As for nationality, I don't have to argue my point if you are aware of the goings on in Barbados for the last 10 years and their relationship with "foreign people" across the region. The minute it becomes known that you are not Barbadian, but a CARICOM national, you are marked with a scarlet X. It becomes almost impossible to be considered a Caribbean sister or brother, instead you are deemed an enemy who must be defeated if marriages and jobs are to be saved. And since everything is fair in love and war, treating non-nationals like they are human and entitled to a sense of dignity and self-respect is sadly (to use my favourite word) absurd.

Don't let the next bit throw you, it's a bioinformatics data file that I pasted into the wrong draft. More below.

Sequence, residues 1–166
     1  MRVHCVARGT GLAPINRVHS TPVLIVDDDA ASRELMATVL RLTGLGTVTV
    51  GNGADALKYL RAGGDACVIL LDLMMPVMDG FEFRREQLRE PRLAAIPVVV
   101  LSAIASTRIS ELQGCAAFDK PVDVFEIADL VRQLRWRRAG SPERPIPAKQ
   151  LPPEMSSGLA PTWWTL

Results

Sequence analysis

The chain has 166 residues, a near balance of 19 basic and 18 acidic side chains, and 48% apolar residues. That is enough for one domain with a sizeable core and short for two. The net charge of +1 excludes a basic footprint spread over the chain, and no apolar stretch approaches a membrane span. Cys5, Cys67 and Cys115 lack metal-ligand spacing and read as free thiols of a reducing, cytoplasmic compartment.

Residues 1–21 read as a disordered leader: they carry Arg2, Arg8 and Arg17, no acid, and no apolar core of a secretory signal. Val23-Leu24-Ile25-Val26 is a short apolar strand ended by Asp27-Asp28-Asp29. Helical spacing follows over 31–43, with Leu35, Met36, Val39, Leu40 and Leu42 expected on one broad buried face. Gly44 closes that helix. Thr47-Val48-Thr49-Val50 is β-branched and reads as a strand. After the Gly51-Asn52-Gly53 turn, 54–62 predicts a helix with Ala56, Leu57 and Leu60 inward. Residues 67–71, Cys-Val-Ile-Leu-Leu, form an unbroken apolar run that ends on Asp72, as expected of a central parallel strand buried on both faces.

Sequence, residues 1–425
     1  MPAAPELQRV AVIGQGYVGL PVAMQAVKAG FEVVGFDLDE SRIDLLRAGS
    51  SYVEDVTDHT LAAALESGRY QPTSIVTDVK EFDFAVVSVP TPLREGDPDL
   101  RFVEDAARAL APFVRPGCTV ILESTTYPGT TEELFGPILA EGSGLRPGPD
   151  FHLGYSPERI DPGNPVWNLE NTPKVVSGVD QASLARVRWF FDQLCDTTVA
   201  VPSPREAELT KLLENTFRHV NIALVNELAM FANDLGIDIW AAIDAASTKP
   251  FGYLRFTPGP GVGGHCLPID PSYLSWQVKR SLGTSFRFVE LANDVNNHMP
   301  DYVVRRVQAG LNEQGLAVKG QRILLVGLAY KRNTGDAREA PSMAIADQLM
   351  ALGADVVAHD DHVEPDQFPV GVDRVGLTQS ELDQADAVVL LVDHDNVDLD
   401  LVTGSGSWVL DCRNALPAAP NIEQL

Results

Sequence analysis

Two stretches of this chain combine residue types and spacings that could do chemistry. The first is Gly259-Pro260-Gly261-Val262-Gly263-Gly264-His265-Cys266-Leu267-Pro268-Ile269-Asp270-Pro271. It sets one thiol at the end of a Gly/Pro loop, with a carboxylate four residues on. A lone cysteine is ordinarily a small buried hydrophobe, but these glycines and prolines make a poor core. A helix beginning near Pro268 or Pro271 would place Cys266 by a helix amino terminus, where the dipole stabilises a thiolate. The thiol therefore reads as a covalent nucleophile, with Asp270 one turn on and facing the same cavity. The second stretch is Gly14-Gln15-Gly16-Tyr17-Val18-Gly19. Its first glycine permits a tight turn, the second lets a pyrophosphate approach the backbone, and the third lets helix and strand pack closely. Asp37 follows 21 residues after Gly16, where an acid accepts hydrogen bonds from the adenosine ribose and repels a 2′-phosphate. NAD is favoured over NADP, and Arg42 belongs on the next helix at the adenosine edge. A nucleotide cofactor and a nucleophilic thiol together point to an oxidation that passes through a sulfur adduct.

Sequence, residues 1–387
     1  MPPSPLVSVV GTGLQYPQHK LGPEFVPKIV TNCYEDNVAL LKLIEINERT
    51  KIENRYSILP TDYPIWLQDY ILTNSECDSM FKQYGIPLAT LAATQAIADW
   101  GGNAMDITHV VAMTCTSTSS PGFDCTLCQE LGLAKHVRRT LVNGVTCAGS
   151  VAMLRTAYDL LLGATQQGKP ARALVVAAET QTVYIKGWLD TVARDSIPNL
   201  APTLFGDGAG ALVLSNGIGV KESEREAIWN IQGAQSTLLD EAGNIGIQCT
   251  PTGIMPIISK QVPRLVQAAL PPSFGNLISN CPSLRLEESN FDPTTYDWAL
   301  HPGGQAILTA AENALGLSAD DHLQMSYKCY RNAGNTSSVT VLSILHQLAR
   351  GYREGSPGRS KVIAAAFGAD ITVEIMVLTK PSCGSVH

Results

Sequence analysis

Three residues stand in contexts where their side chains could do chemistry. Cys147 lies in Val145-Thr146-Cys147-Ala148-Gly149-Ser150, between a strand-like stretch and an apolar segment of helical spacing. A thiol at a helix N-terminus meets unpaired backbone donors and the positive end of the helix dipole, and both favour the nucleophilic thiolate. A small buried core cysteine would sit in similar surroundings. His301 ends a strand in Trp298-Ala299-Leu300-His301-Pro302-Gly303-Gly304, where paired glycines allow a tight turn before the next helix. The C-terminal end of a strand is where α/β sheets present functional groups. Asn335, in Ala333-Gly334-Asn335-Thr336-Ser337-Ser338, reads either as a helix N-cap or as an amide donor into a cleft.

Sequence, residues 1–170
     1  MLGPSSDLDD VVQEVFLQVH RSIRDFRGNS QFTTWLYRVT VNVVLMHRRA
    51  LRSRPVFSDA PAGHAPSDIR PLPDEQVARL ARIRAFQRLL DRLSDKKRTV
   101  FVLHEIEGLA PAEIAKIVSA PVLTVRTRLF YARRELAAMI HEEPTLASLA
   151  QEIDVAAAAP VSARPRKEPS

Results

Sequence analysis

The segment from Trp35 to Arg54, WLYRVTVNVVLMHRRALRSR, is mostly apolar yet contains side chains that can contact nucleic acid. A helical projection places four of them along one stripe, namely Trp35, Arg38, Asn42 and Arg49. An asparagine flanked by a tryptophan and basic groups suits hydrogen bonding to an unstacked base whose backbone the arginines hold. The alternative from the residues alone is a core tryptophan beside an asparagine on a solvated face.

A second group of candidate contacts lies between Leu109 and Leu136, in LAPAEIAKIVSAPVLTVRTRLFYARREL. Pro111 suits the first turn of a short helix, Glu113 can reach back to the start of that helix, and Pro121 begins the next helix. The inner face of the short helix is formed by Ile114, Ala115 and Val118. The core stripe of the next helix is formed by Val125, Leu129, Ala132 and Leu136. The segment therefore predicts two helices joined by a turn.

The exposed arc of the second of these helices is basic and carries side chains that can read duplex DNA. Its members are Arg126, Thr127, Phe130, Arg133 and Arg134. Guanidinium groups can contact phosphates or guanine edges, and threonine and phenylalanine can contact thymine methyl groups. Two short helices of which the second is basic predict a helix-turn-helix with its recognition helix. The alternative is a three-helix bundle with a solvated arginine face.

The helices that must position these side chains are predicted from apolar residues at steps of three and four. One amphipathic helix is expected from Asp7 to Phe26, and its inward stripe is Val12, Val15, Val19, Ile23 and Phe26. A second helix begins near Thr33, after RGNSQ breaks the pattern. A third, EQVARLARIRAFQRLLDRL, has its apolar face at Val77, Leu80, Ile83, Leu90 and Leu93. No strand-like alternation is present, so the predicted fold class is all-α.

Assertiveness and Rebelliousness. This one is my personal favourites because as the word 'personal' suggests, I have felt this one. Barbadians are considered the world over as perhaps the most passive of the Caribbean nationalities. Yet in some irony, in this part of the world, when you are quiet and Mary, Mary quite contrary, you are taken as some kind of a joke. You can't be polite, you can't be compassionate, you can't be forgiving and you can't be self-possessed. To be these things is to guarantee a character, and maybe even a physical assault too. The thinking behind this is, if you are the aforementioned in character, then you are fair game to be taken advantage of- bullied and humiliated. Why? You are not, it is assumed, going to fight back. Sadly in Barbados, assertiveness is only understood through curse words, fighting and true to their passive nature, Machiavellian tactics that are always subversive in nature.